We have got similar policies in place to restrict all the usual types of things you have mentioned. But this has been done through the user policies so you can be a bit more flexible when it comes to the restrictions applied to each year group and staff.

    Sorry if it's not clear, as I am uncertain to the reasons behind their setup. Here restrictions (what staff & students can access and the layout of their desktop) are applied when a user logs on so that each user may get a slightly different desktop depending on their group. However am I right in thinking that if restrictions are set at computer level that the desktop will be the same for everyone using that computer including Network Admins?

    What I was after if someone could give me some advice if they have a similar system setup. What advantages are there of applying settings per computer rather than user and what effects does this have on the administration?

    As far as I am aware there has never been an issue here with pupils doing things they shouldn't be doing that couldn't be fixed by changing the user policies. I cant see a reason to apply settings at computer level over user, but should I be looking at applying settings at computer level, or is user level good enough?

  4. #4

    elsiegee40's Avatar
    Join Date
    Jan 2007
    Location
    Kent
    Posts
    10,225
    Thank Post
    1,926
    Thanked 2,425 Times in 1,775 Posts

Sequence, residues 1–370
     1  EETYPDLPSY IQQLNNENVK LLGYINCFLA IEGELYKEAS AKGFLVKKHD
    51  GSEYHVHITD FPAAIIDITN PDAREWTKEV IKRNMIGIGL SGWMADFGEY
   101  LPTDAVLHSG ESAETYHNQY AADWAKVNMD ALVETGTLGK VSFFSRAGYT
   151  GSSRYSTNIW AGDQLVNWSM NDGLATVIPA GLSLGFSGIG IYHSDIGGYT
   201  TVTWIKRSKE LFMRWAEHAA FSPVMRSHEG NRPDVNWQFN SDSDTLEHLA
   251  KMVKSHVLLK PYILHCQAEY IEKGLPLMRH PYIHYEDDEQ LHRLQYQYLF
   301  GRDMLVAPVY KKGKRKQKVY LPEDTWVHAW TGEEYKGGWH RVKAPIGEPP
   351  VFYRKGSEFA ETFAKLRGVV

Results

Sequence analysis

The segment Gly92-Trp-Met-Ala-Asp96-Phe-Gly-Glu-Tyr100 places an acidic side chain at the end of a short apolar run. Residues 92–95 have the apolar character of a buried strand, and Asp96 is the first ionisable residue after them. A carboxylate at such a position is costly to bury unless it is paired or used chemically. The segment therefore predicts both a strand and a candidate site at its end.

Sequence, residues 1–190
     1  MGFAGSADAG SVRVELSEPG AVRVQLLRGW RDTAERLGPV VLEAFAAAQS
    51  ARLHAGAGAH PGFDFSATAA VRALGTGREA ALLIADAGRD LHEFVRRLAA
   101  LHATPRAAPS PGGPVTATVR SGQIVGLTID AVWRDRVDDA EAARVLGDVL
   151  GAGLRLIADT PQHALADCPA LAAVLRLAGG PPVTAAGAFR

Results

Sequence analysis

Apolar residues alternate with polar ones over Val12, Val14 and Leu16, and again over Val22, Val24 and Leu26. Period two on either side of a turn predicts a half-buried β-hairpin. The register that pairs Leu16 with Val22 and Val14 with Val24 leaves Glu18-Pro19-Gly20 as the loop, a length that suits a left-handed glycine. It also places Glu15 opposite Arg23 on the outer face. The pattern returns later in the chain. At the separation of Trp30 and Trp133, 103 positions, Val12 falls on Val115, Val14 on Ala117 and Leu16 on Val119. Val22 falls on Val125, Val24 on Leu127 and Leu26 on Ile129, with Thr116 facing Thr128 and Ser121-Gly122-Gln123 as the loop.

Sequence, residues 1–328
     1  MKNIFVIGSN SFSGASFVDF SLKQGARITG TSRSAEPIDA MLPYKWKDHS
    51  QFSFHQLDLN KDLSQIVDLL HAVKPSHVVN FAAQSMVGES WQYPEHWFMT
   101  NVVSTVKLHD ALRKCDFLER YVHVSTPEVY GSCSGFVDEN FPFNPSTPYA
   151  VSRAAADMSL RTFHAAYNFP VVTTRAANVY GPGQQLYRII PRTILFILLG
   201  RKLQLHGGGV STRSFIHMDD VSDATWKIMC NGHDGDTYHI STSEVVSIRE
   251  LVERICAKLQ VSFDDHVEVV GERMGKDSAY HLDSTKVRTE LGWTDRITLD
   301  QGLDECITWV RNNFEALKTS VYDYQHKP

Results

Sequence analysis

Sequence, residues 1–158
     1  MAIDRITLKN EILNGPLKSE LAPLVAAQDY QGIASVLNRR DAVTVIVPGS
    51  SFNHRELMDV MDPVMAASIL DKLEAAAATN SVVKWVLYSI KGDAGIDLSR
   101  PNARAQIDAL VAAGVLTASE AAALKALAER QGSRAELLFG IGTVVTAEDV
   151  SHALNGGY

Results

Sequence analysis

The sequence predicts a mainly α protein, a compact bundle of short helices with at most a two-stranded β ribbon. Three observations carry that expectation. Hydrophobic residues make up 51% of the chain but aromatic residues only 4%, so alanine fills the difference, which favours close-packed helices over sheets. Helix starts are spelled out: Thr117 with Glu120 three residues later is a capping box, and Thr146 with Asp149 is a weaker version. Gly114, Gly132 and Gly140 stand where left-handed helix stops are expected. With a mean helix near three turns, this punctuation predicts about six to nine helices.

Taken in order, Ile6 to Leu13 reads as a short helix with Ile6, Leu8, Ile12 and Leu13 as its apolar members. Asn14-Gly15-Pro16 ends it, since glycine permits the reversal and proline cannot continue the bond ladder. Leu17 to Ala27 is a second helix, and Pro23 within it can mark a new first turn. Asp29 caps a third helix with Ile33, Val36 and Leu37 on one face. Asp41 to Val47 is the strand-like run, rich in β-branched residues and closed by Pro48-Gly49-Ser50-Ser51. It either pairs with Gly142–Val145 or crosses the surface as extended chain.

Rep Power
    842
    You can have more than one group policy applying at a time, so you need to distinguish between user and computer settings and keep the policies separate.

    Typically, we have a machine level policy in which only machine type settings are set... this enables us to do different things with different machines (e.g. admin machines, ict suite machines, laptops and classroom desktops are all treated slightly differently)

    We also have group pols for different groups of users, so admin users, teachers and pupils are treated differently with user type settings

    We don't try to do everything in one group policy. Computer settings in the policy for the PC, user settings in the one for user.

    That way a teacher and a pupil can different user settings at the same machine, but anyone logged on that classroom PC will have the same computer settings.

  5. #5


    Join Date
    Sep 2008
    Posts
    1,858